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## Chapter 11 Chi-Square Procedures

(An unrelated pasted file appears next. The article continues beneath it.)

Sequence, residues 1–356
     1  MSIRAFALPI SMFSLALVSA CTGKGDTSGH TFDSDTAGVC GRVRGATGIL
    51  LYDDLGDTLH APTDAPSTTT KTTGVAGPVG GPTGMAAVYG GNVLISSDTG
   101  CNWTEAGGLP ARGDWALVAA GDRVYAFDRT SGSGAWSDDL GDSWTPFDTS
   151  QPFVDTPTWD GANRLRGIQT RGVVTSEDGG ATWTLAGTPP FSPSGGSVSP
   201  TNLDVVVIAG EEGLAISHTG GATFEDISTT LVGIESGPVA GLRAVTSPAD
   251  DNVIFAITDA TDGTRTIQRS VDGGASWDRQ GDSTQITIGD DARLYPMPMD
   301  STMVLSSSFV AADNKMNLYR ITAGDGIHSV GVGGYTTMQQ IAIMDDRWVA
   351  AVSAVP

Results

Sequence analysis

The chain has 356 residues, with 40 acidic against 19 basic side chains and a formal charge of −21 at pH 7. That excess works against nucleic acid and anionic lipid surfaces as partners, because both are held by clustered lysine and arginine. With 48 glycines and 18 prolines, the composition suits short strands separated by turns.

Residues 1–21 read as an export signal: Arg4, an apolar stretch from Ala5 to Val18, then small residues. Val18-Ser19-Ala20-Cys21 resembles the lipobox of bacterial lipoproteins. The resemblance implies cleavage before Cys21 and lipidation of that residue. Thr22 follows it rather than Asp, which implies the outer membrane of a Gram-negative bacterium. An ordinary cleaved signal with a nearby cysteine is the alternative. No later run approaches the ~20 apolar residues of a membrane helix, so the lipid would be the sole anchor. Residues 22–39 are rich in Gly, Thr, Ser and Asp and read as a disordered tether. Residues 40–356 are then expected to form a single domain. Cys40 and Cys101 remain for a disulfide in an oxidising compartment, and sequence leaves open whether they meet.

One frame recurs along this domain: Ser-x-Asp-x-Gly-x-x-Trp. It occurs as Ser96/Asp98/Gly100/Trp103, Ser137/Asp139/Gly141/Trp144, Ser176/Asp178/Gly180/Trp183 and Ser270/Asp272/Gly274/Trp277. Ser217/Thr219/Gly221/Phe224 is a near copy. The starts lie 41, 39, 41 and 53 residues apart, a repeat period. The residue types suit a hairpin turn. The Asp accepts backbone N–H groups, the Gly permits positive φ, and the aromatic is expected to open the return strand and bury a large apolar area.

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**Chapter 11Chi-Square Procedures**11.3 Chi-Square Test for Independence; Homogeneity of Proportions**The chi-square independence test is used to determine**whether there is association between a row variable and column variable in a contingency table constructed from sample data. The null hypothesis is that the variables are not associated, or independent. The alternative hypothesis is that the variables are associated, or dependent.**In a chi-square independence test, the null hypothesis is**always Ho: the variables are independent The alternative hypothesis is always H1: the variables are dependent**The idea behind testing these types of claims is to compare**actual counts to the counts we would expect if the null hypothesis were true (if the variables are independent). If a significant difference between the actual counts and expected counts exists, we would take this as evidence against the null hypothesis.**The method for obtaining the expected counts requires that**we determine the number of observations within each cell under the assumption the null hypothesis is true.**If two events are independent, then**P(A and B) = P(A) .P(B) We can use the Multiplication Principle for independent events to obtain the expected proportion of observations within each cell under the assumption of independence and multiply this result by, n, the sample size in order to obtain the expected count within each cell.**EXAMPLE Determining the Expected Counts in a Test for**Independence In a poll, 883 males and 893 females were asked, “If you could have only one of the following, which would you pick: money, health, or love?” Their responses are presented in the table below. Determine the expected counts within each cell assuming that gender and response are independent. Source: Based on a Fox News Poll conducted January, 1999**Expected Frequencies in a Chi-Square Independence Test**To find the expected frequencies in a cell when performing a chi-square independence test, multiply the row total of the row containing the cell by the column total of the column containing the cell and divide this result by the table total. That is**Test Statistic for the Test of Independence**Let Oi represent the observed number of counts in the ith cell, Ei represent the expected number of counts in the ith cell. Then, approximately follows the chi-square distribution with(r – 1)(c – 1) degrees of freedom where r is the number of rows and c is the number of columns in the contingency table provided (1) all expected frequencies are greater than or equal to 1 and (2) no more than 20% of the expected frequencies are less than 5.**The Chi-Square Test for Independence**If a claim is made regarding the association between (or independence of) two variables in a contingency table, we can use the following steps to test the claim provided 1. the data is randomly selected**The Chi-Square Test for Independence**If a claim is made regarding the association between (or independence of) two variables in a contingency table, we can use the following steps to test the claim provided 1. the data is randomly selected 2. all expected frequencies are greater than or equal to 1.**The Chi-Square Test for Independence**If a claim is made regarding the association between (or independence of) two variables in a contingency table, we can use the following steps to test the claim provided 1. the data is randomly selected 2. all expected frequencies are greater than or equal to 1. 3. no more than 20% of the expected frequencies are less than 5.**Step 1. A claim is made regarding the independence of the**data. Ho: the row variable and column variable are independent H1: the row variable and column variable are not independent**Step 2: Calculate the expected frequencies (counts) for each**cell in the contingency table.**Step 3: Verify the requirements for the chi-square test for**independence are satisfied. • (1) all expected frequencies are greater than or equal to 1 (all Ei> 1) • (2) no more than 20% of the expected frequencies are less than 5.**EXAMPLE Testing for Independence**Source: Based on a Fox News Poll conducted January, 1999**In a chi-square test for homogeneity of proportions we test**the claim that different populations have the same proportion of individuals with some characteristic.**EXAMPLE A Test of Homogeneity of Proportions**The following question was asked of a random sample of individuals in 1992, 1998, and 2001: “Would you tell me if you feel being a teacher is an occupation of very great prestige?” The results of the survey are presented below: Source: The Harris Poll